To successfully launch Scrum, you need to focus on two fundamentally essential components: a product goal and cross-functional team(s) to achieve it. Without fundamental elements, there is a high risk of wasting the scrum approach and the impossibility of all its advantages.
Simple in Theory and Difficult in Practice
Most scrum masters who come to us for training, as well as managers of companies that turn to us for help in implementing Scrum, ask the following questions:
- Why is the Scrum approach so simple in theory and challenging to put into practice?
- Why the official Scrum Guide defines concepts so concisely but without explaining how they work in real context?
- Statements such as “The Scrum team should consist of a Scrum master, product owner, and developer” sound too prescriptive. If we have our context so, why do you say we can’t change Scrum?
Two Key Scrum Features That Can be Challenging to Introduce
Of course, there are many more questions about the use of Scrum in everyday work. Still, I want to emphasize two fundamentally essential areas that are the cause and answer to the obstacles – the goal and the people:
- A single Product Goal that mingles all participants in the development often requires decomposition of the existing enterprise solution into smaller products which individual Scrum Team can be accountable for
- Proper cross-functional structure of the Scrum Team often calls for revisiting organizational structure
1. Product Goal
Watching a football game, sometimes we see that the players forgot why they came on the field. They did not “play” but “stroll”, with many passes back to the goalkeeper, no shots on goal. All indicated that eleven professionals were moving across the field with a lack of purpose.
Something similar happens in business when managers introduce Scrum without fully understanding “why”.
Both concepts (goal and team) are closely related. After all, team members need to “stick together” into a single cross-functional team for collective ownership of the product that they create. The first of these prerequisites is a Product Goal that each developer understands.
Case 1. A Headless Chicken
Have you ever seen a brutal picture of a running headless chicken? The head is gone, and she is still running.
Something similar happened with the launch of Scrum in one global bank. Their management invited me as a scrum coach to examine the current state and improve the situation. At first glance, the picture was positive, and everything had to work. It turned out that the team did not understand the purpose of the work they do. It was a picture of “headless chicken” that received many tasks to perform.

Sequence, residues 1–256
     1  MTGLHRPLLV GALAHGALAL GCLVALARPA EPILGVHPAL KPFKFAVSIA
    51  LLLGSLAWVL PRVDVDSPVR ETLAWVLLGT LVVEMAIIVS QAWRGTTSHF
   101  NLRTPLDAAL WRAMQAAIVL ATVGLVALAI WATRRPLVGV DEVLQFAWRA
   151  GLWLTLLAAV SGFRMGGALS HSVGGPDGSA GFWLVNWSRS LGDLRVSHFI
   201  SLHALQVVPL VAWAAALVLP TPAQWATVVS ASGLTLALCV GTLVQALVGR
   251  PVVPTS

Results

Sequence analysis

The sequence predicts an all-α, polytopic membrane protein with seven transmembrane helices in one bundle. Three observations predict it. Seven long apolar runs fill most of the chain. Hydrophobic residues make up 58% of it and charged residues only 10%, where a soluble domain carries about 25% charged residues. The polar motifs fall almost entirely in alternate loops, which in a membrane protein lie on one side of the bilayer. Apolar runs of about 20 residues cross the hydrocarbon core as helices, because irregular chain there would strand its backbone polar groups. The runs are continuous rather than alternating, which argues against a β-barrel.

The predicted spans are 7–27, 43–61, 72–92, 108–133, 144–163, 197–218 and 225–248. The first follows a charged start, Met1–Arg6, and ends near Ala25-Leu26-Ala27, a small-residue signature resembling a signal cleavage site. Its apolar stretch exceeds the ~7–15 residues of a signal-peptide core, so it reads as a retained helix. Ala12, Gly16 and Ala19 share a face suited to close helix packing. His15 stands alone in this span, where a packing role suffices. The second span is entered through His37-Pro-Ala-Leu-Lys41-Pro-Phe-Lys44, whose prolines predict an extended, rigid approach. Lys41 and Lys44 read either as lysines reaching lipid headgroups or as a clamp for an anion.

In the enterprise development a product goal should drive a sprint goal of the individual teams. Interestingly, there was a product owner who knew how the team outcomes would integrate into a bigger enterprise solution. Still, he did not want to share knowledge with others. Mid-term goal for entire solution was there but never explained to the individual teams.
Somehow, the developers slowly slipped from Scrum into a waterfall factory. First, the programmers did all their tasks, and at the last minute, thrown to the testers, who never managed to finish it in the same Sprint. Eventually, the testers worked in a separate sprint from the programmers.
Product Owner who doesn’t express a product goal resembles a butcher who chops off the head from a chicken. The headless chickens will be running chaotically and not doing Scrum together.
Many Scrum teams were launched without cross-functional structure and require re-starting. Stakeholders often do not fully understand the underlying principles of the Scrum framework or how it works in practice, but still responsible to manage P&L. There are primary reasons why Scrum teams don’t contribute to positive P&L:
- There is no scrum master, or his role is dysfunctional.
- Misunderstanding the role of the Product Owner
- Team are not fully cross-functional
- Different departments running their Scrum and handover outputs from one team to another